“Sunshine on Our Shoulders” and Australians!
08/01/18 – We awoke to a chilly morning and had our coffee and oatmeal breakfast. As the sun came over the ridge and shined on our backs, we mused that John Denver may have been in a similar position when he wrote the song “Sunshine on My Shoulders”. I can say that it certainly made me happy to feel the sunshine on my shoulders that morning. The trail descended from our perch at 11,800′ to about 10,000′ over the next 7 miles. We stopped for lunch and water at the middle fork of the Swan River. We visited briefly with a young couple from Western Australia who were on bikes and had also stopped there. They were in the states on a 6 month visa and planned to bike the Colorado Trail and then do the Arizona Trail. From there we hiked another 3 miles and crossed the north fork of the Swan. We then climbed about 1,000′ over a 2 mile distance and traversed a ridge line from which we could see the Keystone ski area to our right. Through this area, we passed from the mixed fir and spruce forest into a primarily lodge pole pine forest. The area had seen quite an impact from the recent mountain pine beetle infestation that has killed millions of mature lodge pole pines throughout the Rocky Mountains. This area was thinned dramatically by the infestation, with many of the dead trees still standing. Most of the dead frees near the trail had been cut and laid alongside the trail. There were still many mature trees standing, however, and new trees were popping up throughout the area.
Camping in the Trees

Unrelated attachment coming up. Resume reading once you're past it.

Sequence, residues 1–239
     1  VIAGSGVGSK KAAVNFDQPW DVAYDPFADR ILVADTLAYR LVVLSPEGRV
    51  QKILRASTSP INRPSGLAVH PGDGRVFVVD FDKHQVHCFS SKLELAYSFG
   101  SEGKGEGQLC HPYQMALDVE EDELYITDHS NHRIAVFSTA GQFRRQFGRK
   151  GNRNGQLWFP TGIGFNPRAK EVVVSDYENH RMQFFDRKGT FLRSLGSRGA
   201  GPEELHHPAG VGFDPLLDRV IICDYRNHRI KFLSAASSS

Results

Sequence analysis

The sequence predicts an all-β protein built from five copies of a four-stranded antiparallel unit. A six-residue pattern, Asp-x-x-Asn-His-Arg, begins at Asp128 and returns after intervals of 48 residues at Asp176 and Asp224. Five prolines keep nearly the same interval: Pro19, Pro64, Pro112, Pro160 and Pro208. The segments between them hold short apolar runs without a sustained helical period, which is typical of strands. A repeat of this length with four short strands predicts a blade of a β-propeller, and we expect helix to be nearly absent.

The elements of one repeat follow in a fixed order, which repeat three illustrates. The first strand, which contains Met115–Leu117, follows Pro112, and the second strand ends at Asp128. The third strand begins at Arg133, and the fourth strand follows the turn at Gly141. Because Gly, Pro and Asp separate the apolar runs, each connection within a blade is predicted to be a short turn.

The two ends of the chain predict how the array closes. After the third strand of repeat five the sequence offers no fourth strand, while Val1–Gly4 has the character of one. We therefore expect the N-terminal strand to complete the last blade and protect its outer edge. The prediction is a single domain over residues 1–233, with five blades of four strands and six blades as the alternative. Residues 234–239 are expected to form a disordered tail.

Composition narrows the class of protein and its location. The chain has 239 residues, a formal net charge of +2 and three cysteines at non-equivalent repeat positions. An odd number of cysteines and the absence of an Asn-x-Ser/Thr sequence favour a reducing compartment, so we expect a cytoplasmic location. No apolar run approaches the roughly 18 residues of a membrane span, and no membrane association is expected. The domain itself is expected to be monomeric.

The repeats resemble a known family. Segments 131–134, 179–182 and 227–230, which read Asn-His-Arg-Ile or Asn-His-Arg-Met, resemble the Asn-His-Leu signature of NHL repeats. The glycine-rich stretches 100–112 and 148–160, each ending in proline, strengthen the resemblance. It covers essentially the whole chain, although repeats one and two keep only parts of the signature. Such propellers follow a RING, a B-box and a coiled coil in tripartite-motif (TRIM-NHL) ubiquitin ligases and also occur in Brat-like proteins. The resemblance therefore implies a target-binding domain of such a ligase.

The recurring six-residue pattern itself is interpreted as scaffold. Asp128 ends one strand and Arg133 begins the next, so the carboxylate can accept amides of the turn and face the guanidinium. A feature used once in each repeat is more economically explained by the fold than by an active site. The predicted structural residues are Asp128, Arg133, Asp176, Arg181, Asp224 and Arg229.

After descending back down to 10,000′, we found a place to camp in the trees. After setting our tents set up, we noticed someone’s bear bag (food bag) was tied up in a tree right by Glenn’s tent…not a good place to have bear bait!! It turned out that the bag belonged to 2 young ladies who were camped on a nearby campsite. They graciously moved the bag to a more distant location. Glenn had been dealing with some pain caused by his IT bands during the day. It was good to sit down and relax following the 13.5 miles we’d traveled. We enjoyed our beef stroganoff dinner and both slept quite well!
08/02/18 – We awoke on the 3rd day and had our breakfast, broke camp and headed out for the final leg of this segment. We reached our final water stop at Horseshoe Gulch and celebrated crossing the 100 mile mark in our quest to hike the Colorado Trail. As we hiked on toward Breckenridge, we came across a large group (10-15) of mountain bikers from the Summit Biking Group. We stopped and talked with one of them and found out that they are a group of primarily seniors who do group rides periodically on the mountain trails around Summit County. We crossed several secondary trails as we approached Breckenridge. The view if Breckenridge from the ridge above was impressive. We could see the town and the ski area on the Ten Mile Range that we would cross on our next hike.
The final descent to Breckenridge was a series of switchbacks traversing a steep slope. At the bottom, we passed through a neighborhood and saw folks fishing in a pond and generally doing vacation types of things. We crossed over the highway and walked up a paved bike path to our car at the trailhead. After eating a light lunch, we loaded up and drove over Boreas Pass to US 285. I’d never been over that road. It’s a rough gravel road that travels over the route of the former railroad that used to go over the pass. Along the way, there was a water tank from the railroad and at the top, there was a small museum and a rail car next to the road. We didn’t stop, but I’d like to do that sometime. On the other side of the pass, we went through the town of Como. It apparently was a travel hub in the 1800’s. The old railroad roundhouse is still there. That’s on my list of stops to make at another time. We did stop at the Bucksnort Saloon for a burger and beer on the way home. It was awesome!!